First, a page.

Monday, February 27, 2012

Will Food Prices Derail the Expansion? Part I

The above chart plots the year over year percentage change in food prices (blue), total CPI (red) and core CPI (green).  I've plotted this back to 1980, as this is the year we see Volcker engage in a massive spike in interest rates to crush inflation -- a plan that was in fact very successful.  Notice that before two of the last recessions we see a big spike in food prices.  This could be a good example of "correlation does not equal causation."  However, I find that a bit hard to swallow, considering how important and prevalent food prices are to the average consumer.  In short, like high energy prices, I think high food prices are a leading depressor of consumer sentiment, and therefore a big factor in recessions.  So, when we see price spikes, I also believe we see an increased possibility depressed economic activity and the increased possibility of recession.

First, let's strip out the food price YOY component from the above chart:

First, notice that YOY percentage changes of 5% or greater have preceded two of the last three recessions.  Currently, we see price recent spikes that hit just shy of the 5% mark.  Part of this is due to the severe drop in prices we saw as part of the recession and the subsequent rally in prices.  However, there is also the issue of increased world wide demand as countries see rising living standards, which leads to an increase in food demand.  We also had several agricultural market disruptions over the last few years, leading to constrained supply.  While it's impossible to separate out how much is due to the simple rebound from low levels and how much is due to an increase in demand, I would argue that the demand increase is a pretty important part of the pop.  China has been growing at a 10% clip for awhile; Brazil is also a fabulous growth story, as is India.  In short, I believe a convincing argument can be made for demand growth being a big part of the increase in food prices.

And, again, notice the YOY percentage change is approaching the "danger zone" of 5% which has preceded an economic slowdown.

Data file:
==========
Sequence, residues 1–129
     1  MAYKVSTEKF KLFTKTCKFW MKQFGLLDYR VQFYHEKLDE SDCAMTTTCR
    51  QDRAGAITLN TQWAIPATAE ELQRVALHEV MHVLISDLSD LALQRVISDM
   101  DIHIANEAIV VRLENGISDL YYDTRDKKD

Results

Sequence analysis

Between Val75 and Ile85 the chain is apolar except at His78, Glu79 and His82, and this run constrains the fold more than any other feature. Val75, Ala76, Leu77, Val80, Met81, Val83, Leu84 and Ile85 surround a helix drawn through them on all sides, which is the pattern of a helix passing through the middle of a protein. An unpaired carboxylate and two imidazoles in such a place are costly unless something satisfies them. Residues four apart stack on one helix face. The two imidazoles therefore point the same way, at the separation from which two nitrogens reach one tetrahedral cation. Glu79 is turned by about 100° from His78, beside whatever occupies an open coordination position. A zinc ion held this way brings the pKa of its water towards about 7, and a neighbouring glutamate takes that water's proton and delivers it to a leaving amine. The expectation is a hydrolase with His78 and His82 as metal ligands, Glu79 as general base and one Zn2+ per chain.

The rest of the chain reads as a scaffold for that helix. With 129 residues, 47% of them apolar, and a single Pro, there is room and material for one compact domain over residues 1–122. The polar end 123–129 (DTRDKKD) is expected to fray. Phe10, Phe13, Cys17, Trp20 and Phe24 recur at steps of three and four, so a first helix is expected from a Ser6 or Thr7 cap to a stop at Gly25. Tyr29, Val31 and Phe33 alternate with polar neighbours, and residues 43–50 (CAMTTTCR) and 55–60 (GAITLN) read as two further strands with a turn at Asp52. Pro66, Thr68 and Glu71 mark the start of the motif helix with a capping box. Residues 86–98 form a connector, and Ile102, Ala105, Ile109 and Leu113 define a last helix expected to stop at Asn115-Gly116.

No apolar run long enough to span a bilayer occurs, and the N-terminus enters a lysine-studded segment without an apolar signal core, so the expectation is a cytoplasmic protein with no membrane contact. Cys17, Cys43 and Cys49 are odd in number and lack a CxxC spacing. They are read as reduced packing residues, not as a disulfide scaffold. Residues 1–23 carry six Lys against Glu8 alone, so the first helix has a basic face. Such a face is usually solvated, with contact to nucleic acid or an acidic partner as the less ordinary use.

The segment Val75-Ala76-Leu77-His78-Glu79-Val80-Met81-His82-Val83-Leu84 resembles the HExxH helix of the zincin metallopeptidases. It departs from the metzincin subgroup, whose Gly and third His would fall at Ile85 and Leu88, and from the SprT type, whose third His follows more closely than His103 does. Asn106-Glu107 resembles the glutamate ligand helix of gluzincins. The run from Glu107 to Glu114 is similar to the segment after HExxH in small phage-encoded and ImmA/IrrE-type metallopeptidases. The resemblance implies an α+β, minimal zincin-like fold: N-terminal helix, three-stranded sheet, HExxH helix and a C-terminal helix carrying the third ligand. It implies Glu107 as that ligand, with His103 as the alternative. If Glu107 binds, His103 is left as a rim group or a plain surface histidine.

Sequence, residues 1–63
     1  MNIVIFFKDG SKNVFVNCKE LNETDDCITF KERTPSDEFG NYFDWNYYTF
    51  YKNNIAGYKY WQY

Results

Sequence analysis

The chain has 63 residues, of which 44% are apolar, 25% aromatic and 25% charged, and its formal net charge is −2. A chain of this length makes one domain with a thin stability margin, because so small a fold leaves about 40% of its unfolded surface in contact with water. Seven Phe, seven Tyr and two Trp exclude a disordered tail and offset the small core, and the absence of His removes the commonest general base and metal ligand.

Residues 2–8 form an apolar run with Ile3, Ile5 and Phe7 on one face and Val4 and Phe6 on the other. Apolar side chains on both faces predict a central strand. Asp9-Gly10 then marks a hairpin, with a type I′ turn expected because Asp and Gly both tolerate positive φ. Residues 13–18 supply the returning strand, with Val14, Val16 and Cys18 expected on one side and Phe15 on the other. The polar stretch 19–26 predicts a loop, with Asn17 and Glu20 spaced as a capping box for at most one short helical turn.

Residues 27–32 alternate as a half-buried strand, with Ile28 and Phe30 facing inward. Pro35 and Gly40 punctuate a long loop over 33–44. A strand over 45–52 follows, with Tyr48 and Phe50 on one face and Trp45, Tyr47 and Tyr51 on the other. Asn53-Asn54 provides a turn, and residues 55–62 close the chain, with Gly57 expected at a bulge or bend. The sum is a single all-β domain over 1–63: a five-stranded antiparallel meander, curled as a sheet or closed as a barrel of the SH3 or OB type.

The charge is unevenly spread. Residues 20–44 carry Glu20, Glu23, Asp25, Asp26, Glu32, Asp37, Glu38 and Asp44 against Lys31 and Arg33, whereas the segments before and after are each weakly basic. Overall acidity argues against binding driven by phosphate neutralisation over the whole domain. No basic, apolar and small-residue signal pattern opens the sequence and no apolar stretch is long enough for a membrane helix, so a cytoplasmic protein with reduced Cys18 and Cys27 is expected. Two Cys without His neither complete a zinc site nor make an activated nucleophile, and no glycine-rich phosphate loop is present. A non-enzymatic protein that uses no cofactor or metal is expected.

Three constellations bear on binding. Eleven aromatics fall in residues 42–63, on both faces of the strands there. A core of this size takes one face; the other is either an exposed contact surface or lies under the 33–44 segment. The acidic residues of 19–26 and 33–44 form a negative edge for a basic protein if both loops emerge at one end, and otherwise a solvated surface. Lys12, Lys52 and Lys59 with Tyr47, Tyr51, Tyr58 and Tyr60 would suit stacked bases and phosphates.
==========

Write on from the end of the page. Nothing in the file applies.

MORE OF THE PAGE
Let's look at the various sub-parts to this index to see where food prices are.

The year over year percentage change in meat, poultry and fish has been very high for the last few years.  However, we've routinely seen this segment of food prices increase sharply over the last 20 years, so this is something consumers are use to seeing. However, the current size of the YOY increase is one of the highest we've seen over the last 20 years.

The year over year percentage change in fruits and vegetables is very contained at present.

Dairy prices are where we're seeing a fair amount of price appreciation, beyond that of of prices rebounding from a severe drop. However, there appears to be a fair amount of seasonality to these prices as well, indicating that consumers are probably far more conditioned to seeing them increase as the economy expands.  But, again, these price spikes are fairly high. 

Cereal prices are where we see the biggest and most "out of place" historical year over year spike.  While this price series was fairly constant from the late 1980s until the last recession, we see some very large spikes over the last 7 years.  In addition, cereals are based on grains, which are now at the heart of the US food system; they feed cattle and are used for sweetners and fuel. 

Part of this increase is due to the ethanol policy of the US government.  However -- and as noted above -- we've seen some pretty several international market disruptions in this area over the last few years as well.

Finally, let's compare food away from home (the red line) and food at home (the blue line).  Interestingly, food away from home is actually far more stable from a pricing perspective, most likely due to large chains having tremendous buying power. 

All the above charts show that food prices are approaching levels that usually occur before a slowdown or recession.  In the next piece, I'll explore this situation in more detail.